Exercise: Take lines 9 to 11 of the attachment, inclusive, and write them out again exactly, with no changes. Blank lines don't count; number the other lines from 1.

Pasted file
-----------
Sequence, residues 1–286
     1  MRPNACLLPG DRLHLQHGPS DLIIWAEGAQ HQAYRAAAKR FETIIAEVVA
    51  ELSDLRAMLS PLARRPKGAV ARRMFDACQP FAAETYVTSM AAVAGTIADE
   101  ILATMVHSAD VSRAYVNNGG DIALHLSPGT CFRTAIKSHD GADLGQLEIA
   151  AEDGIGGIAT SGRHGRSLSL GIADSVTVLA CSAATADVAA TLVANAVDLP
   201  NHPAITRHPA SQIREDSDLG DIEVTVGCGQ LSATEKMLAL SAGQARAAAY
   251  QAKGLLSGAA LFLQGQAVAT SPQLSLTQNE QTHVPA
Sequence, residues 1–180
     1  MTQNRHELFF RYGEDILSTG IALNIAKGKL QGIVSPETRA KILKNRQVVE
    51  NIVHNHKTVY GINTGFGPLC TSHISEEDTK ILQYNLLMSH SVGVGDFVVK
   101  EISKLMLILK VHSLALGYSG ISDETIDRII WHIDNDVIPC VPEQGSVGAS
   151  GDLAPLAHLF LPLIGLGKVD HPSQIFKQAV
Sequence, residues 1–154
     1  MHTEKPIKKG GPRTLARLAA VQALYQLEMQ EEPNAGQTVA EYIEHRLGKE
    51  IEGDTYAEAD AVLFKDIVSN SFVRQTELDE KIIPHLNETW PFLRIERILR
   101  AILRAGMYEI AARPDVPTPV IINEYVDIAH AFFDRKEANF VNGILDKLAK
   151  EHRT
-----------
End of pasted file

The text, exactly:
     1  MTQNRHELFF RYGEDILSTG IALNIAKGKL QGIVSPETRA KILKNRQVVE
    51  NIVHNHKTVY GINTGFGPLC TSHISEEDTK ILQYNLLMSH SVGVGDFVVK
   101  EISKLMLILK VHSLALGYSG ISDETIDRII WHIDNDVIPC VPEQGSVGAS